When does innovation become revolution? When it starts turning fantasies into reality.
That’s the essence of immersive storytelling. Using digital devices to conjure objects and transform environments is a dream as old as science fiction. Now, with the explosive rise of 360, VR and AR, consumers are finally seeing that dream come true.
Clearly, they’re into it. An impressive 52% of consumers are already engaging with 360 video at least once a week, with 30% expecting to experience more 360 or immersive videos this year than in 2017. And even though VR is still a fresh novelty for many consumers, 31% of consumers expect to watch more videos in VR this year.
And don’t mistake this demand for immersive storytelling as an attempt to escape the reality. Creative studios like RYOT—which has produced over 200 news and documentary VR films in 40 countries in the past two years alone —are aggressively focused on the power of 360, VR and AR to give viewers a closer connection to what’s happening in the world.
In 2017, expect immersive storytelling to transform media experiences in profound and sweeping ways. From video to print, consumers are anxious to see the technology of their dreams take content to the next level.
Making the news hit home
Journalists are well aware of how critical it is to hook audiences by drawing them into the heart of a story. So it should come as no surprise that 360 and VR are hitting the news world like the advent of electricity.
In 2016 and 2017, RYOT broke new ground with VR coverage of the Standing Rock protests, refugees landing in Lesbos, and the Women’s March on Washington, effectively sucking viewers into the center of major global news events.
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Every storyteller wants to make the audience feel like they’re right there. And in the right hands,VR makes that the default experience.
It’s not just the news that’s ripe for VR. When asked what type of content they want to consume in VR, 43% of consumers selected virtual tourism. Nature lovers, too, are eager to get up close and personal: 31% of consumers look forward to experiencing nature and science content through VR in the next six months.
Breaking barriers to art and culture
Over the past year, augmented reality has opened huge creative opportunities for storytellers. It’s also opened windows to social progress. Last year, RYOT surprised a group of Los Angeles fifth-graders with a trip to the Louvre — by way of a local warehouse. Aiming iPads at empty picture frames, students found themselves in VIP-proximity to the museum’s greatest masterpieces.
It’s an extraordinary glimpse into how AR will impact education and social programs by removing cost barriers to exceptional experiences. And mobile devices help to fuel the rise of AR. Nearly 1 in 4 consumers watching videos in AR do so on a smartphone.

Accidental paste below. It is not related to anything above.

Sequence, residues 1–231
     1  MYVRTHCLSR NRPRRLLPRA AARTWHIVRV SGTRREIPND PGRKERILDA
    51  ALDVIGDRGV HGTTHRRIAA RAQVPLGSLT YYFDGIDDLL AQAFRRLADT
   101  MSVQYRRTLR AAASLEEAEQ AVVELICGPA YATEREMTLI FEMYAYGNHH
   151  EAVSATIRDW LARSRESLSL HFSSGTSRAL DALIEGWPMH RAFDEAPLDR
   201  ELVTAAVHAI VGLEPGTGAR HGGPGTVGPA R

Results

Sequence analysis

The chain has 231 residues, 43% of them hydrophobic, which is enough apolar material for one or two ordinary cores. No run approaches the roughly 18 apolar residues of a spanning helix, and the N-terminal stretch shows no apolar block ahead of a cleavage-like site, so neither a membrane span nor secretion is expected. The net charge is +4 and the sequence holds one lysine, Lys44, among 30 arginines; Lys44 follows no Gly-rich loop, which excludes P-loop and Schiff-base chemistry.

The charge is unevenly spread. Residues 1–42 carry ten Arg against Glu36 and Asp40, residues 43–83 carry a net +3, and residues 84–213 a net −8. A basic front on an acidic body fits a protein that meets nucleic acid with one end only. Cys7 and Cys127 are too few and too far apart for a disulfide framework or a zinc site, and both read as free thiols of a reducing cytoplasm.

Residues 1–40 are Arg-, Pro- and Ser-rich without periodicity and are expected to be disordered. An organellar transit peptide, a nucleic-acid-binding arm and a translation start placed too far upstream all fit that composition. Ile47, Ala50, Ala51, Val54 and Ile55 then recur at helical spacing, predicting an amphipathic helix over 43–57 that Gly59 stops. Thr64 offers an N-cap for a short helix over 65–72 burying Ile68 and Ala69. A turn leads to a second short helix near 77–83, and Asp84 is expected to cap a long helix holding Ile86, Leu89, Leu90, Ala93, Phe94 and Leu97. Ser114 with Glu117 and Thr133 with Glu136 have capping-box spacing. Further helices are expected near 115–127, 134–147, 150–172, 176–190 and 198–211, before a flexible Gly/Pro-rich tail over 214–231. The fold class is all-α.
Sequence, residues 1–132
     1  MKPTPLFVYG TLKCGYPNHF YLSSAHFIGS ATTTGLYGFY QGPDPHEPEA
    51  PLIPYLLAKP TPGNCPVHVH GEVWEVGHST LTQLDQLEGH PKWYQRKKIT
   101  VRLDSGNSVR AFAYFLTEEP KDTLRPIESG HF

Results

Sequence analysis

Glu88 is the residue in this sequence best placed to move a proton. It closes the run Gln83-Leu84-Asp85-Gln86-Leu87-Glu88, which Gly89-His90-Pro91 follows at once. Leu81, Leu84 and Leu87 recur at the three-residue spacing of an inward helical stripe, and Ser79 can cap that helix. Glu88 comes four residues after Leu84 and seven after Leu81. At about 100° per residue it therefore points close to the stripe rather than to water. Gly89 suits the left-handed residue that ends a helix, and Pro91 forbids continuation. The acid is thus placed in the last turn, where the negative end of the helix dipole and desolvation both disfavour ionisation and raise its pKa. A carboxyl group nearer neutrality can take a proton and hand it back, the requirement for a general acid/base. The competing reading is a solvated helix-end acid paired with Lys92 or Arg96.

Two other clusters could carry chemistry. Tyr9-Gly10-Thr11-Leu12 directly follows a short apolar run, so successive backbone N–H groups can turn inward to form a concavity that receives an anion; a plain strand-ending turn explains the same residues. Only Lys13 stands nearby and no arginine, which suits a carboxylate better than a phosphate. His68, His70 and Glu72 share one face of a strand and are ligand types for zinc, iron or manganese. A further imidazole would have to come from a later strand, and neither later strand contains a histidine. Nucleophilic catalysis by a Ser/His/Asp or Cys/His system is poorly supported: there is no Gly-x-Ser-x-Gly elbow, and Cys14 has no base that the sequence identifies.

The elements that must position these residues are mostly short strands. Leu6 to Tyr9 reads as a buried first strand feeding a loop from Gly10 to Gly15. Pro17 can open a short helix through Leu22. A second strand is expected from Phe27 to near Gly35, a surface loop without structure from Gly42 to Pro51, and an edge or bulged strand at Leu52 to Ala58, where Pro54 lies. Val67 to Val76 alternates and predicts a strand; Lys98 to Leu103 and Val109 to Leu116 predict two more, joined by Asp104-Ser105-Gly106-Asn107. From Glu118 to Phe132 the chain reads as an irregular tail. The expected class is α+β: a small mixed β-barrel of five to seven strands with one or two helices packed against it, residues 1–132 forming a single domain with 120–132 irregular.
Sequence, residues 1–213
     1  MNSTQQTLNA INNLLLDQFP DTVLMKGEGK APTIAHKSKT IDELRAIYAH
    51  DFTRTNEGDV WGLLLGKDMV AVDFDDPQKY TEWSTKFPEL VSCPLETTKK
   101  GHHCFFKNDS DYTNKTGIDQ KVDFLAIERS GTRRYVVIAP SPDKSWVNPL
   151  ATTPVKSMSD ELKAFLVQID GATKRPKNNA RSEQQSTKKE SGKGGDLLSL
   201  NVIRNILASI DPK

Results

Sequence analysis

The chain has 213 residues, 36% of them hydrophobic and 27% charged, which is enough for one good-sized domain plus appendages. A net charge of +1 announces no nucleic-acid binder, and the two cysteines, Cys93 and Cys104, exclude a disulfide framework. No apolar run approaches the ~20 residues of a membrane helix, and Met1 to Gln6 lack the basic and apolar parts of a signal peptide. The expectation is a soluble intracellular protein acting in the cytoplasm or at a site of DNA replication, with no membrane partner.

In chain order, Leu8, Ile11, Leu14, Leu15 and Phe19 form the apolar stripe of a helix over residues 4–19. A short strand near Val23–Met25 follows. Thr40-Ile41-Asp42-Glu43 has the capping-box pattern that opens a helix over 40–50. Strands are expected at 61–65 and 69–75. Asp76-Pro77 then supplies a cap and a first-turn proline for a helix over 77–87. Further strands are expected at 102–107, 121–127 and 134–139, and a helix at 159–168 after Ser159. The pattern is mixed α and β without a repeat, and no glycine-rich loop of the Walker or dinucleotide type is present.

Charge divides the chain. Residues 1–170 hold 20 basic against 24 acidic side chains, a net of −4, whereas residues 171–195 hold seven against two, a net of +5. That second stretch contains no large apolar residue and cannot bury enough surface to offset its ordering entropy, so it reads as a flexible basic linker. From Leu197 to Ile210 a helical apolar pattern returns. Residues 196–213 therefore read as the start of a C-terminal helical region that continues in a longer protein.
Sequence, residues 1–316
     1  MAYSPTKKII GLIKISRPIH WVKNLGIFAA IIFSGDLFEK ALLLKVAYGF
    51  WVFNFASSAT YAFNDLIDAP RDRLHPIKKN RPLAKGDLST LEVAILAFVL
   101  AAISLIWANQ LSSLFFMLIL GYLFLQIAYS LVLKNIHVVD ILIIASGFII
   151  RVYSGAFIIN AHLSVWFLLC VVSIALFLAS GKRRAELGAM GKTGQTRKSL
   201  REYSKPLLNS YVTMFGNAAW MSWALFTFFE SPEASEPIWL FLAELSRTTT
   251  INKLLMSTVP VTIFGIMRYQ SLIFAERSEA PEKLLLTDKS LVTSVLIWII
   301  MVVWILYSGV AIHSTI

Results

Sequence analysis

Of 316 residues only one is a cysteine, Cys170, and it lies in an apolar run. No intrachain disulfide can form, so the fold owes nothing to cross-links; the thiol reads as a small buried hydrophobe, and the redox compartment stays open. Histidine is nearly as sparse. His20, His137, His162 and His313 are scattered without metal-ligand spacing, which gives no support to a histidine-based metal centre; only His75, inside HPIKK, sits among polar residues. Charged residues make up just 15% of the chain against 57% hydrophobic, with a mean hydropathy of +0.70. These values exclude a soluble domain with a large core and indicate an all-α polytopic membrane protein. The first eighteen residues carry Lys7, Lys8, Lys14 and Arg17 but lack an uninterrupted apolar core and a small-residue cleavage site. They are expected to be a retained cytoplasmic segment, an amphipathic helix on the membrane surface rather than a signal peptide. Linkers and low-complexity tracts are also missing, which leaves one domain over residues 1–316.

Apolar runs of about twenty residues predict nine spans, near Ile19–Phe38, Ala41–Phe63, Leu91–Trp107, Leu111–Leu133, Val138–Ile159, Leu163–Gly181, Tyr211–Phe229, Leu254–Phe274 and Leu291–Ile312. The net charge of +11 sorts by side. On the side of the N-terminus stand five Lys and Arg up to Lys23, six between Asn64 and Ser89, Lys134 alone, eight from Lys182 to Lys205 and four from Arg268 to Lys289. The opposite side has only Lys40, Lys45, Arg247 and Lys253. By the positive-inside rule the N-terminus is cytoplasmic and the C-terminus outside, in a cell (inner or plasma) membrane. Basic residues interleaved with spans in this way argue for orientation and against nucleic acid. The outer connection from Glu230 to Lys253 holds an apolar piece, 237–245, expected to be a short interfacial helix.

Reviving endangered art forms
No one ever wanted print to die. With AR in the picture, maybe it doesn’t have to. Recently, AR-enhanced magazine covers have demonstrated how digital technology can honor and reinvigorate traditional analog experiences without usurping them completely. In other words, turning a magazine cover into a living object allows us to experience the excitement of new digital creative technology without losing the tactile pleasure of paper and ink.
More AR upgrades to the real world are rolling out and consumers are paying attention: 22% of consumers are already engaging with video in AR more than once a week, with 26% expecting to do it even more in 2017.
Here, there and everywhere
VR is well on its way to becoming a standard media format and consumers can’t wait. A whopping 64% predict that viewing VR will be just as common as watching video on mobile devices is today. Movies and TV are an obvious area of opportunity, with 43% of consumers interested in viewing entertainment in VR within the next six months. Shopping is another promising territory, with 28% of viewers interested in strapping on the goggles to browse.
It goes without saying that advertisers and publishers need to be on top of this. Advertisers are already getting in on 360, with 73% expecting 360 video to drive more revenue in the next 12 months than any other new format. More than half of publishers expect the same. On the VR front, 70% of advertisers and publishers see a place for VR in the digital video marketplace. Already, 23% of advertisers report plans to get into the VR space in the next 12 months.
The year of immersive storytelling
It’s all happening, and it’s happening fast. Keep an eye on key players in the coming months as studios continue to unleash the first definitive wave of 360, VR and AR content. This won’t be the first time a new kind of technology transforms the world as we know it. But after decades of dreaming, it might just be the coolest.